My rating: 4 of 5 stars
As you would expect from Ellroy, the prose has a spark and rhythm that pulls you through from start to finish at pace. It’s more relaxed than The Cold Six Thousand, but then this is a memoir and it would be amiss to expect something in the same ilk.
For those of you who want exacting details of events, from early childhood to the present day, you’re going to be disappointed. Be sure, this is a thematic memoir that deals strictly with one aspect of Ellroy’s life: women. Everything that else that has happened in his life, from his wayward beginnings to the intricate and spellbinding novels, are just sideshows. Only Bloods a Rover is mentioned by name.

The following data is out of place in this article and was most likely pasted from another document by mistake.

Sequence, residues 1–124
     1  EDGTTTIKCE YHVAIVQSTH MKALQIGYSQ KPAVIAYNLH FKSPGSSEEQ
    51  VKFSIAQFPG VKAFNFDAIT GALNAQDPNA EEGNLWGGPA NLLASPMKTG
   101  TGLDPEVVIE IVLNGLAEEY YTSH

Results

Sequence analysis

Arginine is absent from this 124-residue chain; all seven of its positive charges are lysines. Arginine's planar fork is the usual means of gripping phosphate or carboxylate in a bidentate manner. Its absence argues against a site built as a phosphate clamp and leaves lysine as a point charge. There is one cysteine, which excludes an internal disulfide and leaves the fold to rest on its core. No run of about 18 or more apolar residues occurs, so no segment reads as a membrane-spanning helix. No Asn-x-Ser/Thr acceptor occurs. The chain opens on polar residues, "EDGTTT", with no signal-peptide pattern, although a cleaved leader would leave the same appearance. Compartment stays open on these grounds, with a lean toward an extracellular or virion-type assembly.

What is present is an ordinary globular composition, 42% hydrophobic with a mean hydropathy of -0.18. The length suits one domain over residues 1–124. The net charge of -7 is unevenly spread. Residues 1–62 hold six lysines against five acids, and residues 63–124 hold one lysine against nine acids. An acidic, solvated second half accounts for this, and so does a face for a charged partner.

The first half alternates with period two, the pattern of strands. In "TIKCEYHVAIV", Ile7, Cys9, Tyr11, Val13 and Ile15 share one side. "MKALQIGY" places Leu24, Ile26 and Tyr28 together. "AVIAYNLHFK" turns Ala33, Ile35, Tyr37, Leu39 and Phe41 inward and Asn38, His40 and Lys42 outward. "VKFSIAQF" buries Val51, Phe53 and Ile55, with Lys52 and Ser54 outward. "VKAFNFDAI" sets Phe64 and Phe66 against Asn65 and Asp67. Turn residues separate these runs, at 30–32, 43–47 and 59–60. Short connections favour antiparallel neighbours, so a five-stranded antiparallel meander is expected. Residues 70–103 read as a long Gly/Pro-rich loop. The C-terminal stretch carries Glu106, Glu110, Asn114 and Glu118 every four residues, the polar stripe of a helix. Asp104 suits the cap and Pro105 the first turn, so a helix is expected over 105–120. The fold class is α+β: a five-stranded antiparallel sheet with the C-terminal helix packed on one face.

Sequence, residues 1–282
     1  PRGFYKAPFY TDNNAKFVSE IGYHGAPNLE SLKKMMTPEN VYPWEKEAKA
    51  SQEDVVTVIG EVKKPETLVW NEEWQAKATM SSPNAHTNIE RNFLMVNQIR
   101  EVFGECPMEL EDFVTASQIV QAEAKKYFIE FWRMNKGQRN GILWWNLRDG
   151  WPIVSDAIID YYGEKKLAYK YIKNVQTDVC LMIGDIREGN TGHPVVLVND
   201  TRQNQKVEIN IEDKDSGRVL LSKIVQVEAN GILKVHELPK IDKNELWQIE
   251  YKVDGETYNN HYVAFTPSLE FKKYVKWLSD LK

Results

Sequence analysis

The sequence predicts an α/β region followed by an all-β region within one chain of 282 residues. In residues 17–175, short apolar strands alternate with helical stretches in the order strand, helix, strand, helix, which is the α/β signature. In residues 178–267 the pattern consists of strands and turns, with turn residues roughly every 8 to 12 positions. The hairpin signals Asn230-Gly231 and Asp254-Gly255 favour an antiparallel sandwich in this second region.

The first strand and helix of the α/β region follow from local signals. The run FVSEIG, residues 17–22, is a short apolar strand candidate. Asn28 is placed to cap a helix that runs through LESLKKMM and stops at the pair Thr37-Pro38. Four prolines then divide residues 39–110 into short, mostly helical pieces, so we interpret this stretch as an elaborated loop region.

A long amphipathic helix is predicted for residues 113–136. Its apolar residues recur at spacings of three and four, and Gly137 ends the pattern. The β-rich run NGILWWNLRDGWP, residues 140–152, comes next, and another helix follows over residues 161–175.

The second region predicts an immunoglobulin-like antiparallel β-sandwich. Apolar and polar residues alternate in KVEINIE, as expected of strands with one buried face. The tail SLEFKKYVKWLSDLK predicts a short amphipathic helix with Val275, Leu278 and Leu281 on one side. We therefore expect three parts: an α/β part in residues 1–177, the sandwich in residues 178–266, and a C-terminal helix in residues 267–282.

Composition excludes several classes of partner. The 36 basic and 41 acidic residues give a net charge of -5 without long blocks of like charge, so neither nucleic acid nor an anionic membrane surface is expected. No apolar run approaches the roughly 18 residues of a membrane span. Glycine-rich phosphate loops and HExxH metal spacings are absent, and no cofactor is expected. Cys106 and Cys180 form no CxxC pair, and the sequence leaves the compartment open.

That said, by exploring this thread of his life, it’s easy to see why his novels turned out as they did, and for this reason it’s a revealing read. The themes in his books mirror the themes in his life so closely.
If you like Ellroy, you’ll like this. If you’ve never read Ellroy, go and do so first.